Pa. Senate race brings attacks, super PACs

    U.S. Senate candidate Katie McGinty speaks with the press after a visit to the struggling E.W. Rhodes School in Philadelphia. (Emma Lee/WHYY)

    U.S. Senate candidate Katie McGinty speaks with the press after a visit to the struggling E.W. Rhodes School in Philadelphia. (Emma Lee/WHYY)

    Things are picking up in the campaign for the Democratic nomination for U.S. Senate in Pennsylvania, with attacks over Social Security and spending by outside groups to influence the race.

    Former Navy admiral and Congressman Joe Sestak came into the race with a lead in name recognition from his 2010 Senate run and his travels around the state.

    But former state environmental secretary Katie McGinty has picked up endorsements from labor and Democratic Party leaders.

    McGinty, who has trailed in the polls, has started attacking Sestak on Social Security. She went after him at a debate Tuesday night on WTAE in Pittsburgh.

    “I do disagree with Congressman Sestak,” McGinty said. “He has said that it was courage and the proper thing to do to call for the Social Security retirement age to be lifted to 69 and significantly cut benefits.”

    Sestak came right back and denied it.

    “I never, ever, advocated, in fact have gone on radio and television, that actually we should never raise ever, the age for our seniors to retire,” Sestak said.

    What’s this all about?

    McGinty was referring to Sestak’s comments in January about the Simpson-Bowles plan for reducing the national debt and dealing with Social Security and other “entitlement” programs.

    It’s a plan that McGinty’s own campaign chairman, Ed Rendell, has praised.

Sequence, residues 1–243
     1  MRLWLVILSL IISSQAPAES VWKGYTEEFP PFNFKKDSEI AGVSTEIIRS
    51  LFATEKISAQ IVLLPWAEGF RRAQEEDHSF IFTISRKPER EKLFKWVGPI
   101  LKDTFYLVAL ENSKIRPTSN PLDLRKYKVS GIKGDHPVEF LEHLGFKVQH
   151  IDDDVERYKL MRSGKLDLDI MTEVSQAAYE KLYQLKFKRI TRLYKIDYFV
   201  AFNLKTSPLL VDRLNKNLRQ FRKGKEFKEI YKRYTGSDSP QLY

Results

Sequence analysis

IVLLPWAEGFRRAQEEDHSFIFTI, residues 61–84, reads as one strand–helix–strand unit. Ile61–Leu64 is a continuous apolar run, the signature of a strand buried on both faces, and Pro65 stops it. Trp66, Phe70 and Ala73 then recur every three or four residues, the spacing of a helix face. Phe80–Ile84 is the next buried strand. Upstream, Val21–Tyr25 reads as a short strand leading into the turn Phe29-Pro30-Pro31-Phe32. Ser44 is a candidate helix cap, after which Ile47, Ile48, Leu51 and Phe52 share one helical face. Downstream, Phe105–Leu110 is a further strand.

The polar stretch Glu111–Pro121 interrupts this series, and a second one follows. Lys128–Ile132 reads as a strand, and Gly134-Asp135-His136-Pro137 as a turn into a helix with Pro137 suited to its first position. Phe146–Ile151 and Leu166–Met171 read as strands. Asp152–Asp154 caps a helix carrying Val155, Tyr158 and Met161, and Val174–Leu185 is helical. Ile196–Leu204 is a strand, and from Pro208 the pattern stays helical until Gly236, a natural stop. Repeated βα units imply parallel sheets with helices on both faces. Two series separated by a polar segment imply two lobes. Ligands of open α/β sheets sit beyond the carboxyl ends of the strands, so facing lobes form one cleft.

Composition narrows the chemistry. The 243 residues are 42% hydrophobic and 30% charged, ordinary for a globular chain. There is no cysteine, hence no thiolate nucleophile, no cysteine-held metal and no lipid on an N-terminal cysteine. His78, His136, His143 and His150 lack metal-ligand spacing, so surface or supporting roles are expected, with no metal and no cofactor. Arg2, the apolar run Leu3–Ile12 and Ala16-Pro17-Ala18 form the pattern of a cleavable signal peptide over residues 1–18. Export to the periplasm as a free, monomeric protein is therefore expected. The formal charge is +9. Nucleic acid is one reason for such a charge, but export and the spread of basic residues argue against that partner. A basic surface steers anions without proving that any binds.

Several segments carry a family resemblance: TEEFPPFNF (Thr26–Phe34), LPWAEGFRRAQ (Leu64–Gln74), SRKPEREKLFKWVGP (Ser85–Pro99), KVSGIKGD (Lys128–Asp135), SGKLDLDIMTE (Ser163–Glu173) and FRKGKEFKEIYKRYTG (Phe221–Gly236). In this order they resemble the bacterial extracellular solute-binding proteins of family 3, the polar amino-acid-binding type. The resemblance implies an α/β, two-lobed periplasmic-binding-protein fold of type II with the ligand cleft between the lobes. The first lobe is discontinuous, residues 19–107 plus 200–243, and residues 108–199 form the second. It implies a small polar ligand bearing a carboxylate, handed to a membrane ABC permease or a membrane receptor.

According to an analysis by Chris Potter of the Pittsburgh Post-Gazette, Sestak didn’t actually talk about Social Security in the interview in question, but said people should look at the national commission that compiled the Simpson-Bowles proposals as a template to address the issue of entitlements.

    UPDATE: WTAE, the Pittsburgh station that hosted the debate found in a fact-checking analysis that McGinty’s attacks on Sestak on Social Security and fracking don’t reflect the record.

    Meanwhile, airwaves have been filling with ads for Sestak and McGinty, and they aren’t all coming from the candidates’ campaigns.

    The super PAC of the feminist group Emily’s List has begun its promised $1million ad campaign for McGinty with an appealing bio spot.

    Another super PAC, Accountable Leadership, is spending hundreds of thousands supporting Sestak. It’s not clear who’s funding that effort yet.

    Meanwhile Braddock, Pennsylvania, Mayor John Fetterman continues to say he’s spent 10 years fighting for progressive change on the ground.

    He has less campaign money but is producing ads, many featuring him driving through Braddock, and addressing issues such as fracking and the Citizens United court decision on campaign funding.

    Fetterman says he’ll pick up momentum and win.

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